The West Shore reached Buffalo around 1884. This event precipitated a shipping
rate war with the New York Central.
The New York Central had been forced to aquire the Nickel Plate as its parallel
line along the Central's Lake Shore route threatened to be too competitive for
the wily Vanderbilts. When the West Shore did the same thing on the remainder
of the Central's New York to Chicago route the Central had no choice, but to
batter them into submission financially.
The West Shore soon went bankrupt and the NYC's deep pockets were barely
The West Shore was ripe for the pickings and the word on the street was that
the Pennsylvania Railroad was quietly buying up as many West Shore bonds as
they could lay their hands on in preparation for the obviously unavoidable
foreclosure. By linking the PPR's trackage in Jersey City to Weehawken they
would have a simple link to their own extensive rail network. No doubt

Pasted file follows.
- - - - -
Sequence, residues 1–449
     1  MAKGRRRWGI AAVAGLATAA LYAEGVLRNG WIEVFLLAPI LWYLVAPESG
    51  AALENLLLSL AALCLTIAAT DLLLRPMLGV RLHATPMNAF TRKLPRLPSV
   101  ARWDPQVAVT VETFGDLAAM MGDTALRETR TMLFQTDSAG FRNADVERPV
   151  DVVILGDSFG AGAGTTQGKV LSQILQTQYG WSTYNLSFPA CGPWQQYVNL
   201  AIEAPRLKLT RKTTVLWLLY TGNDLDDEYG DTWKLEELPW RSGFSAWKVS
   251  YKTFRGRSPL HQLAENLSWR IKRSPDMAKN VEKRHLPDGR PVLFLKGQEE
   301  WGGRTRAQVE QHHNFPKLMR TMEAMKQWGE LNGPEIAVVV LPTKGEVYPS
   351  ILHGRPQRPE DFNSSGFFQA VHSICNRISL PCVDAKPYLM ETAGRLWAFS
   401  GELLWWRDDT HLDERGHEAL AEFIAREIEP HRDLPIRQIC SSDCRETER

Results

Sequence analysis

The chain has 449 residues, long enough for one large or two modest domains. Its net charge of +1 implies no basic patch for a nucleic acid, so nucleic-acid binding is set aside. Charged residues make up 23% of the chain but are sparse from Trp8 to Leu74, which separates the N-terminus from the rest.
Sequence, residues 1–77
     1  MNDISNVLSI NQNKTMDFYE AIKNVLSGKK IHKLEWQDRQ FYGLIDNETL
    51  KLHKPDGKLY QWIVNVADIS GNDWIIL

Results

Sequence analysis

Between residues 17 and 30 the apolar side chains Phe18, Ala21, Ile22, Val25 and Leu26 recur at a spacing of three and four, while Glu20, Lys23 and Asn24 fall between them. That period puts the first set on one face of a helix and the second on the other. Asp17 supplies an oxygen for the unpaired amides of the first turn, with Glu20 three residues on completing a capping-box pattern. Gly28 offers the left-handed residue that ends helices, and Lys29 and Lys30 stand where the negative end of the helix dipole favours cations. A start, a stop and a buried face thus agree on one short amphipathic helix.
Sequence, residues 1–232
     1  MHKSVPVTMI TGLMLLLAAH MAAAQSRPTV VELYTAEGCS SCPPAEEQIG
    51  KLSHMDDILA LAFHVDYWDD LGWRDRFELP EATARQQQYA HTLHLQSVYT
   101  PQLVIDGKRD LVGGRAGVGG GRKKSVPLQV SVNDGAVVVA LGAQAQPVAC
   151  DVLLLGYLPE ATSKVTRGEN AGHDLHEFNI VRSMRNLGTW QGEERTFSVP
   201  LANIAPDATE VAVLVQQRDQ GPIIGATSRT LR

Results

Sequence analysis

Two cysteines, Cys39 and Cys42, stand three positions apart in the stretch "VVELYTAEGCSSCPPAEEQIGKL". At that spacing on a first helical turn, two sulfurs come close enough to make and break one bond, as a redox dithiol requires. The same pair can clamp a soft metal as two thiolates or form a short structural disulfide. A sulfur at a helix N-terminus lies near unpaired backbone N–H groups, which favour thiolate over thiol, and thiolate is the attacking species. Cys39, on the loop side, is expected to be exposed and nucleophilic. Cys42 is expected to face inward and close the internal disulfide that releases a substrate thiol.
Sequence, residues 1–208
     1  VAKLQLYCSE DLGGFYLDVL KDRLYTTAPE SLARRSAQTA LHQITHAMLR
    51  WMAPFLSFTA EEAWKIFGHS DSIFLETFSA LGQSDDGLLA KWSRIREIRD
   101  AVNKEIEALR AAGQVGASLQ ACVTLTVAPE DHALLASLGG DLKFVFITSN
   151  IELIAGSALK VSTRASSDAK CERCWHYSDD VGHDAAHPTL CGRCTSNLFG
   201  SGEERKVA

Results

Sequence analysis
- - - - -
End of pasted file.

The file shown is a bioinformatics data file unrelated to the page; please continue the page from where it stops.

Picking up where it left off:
William H. Vanderbilt, then president of the Central, lay awake many nights
pondering the spectre of the monolithic Pennsy in his own backyard.
It seemed the only thing the Central could do was to build its own line in
Pennsylvania. That's when the fireworks started.
The financial impact of the animosity between the Central and the Pennsy was
so great that legendary financier J.P. Morgan was moved to intervene and work
out a compromise between the New York Central and the Pennsylvania RR.
The upshot of the agreement was that NYC would lease the West Shore, and
the PRR would receive the incomplete South Penn RR. Much of the unfinished
South Penn would become the right of way for the Pennsylvania Turnpike "All
Weather Highway" begun in 1935 and the granddaddy of all state thruways.
In 1885 the West Shore was reorganized as the West Shore Railroad, a wholly
owned subsidiary of the New York Central lines. It operated in this capacity
until 1952 when the West Shore was formally merged into the New York Central.
Quite a bit of the old West Shore still exists today and is used by CSX, the successor to Conrail, Penn Central and the New York Central. It is CSX' primary freight route north from New York City on the west shore of the Hudson river. Pieces in central New York including most of the line between Utica, through Syracuse to Rochester exist as bypasses or connections and the old West Shore East Buffalo Yard is now a part of CSX' Frontier Yard.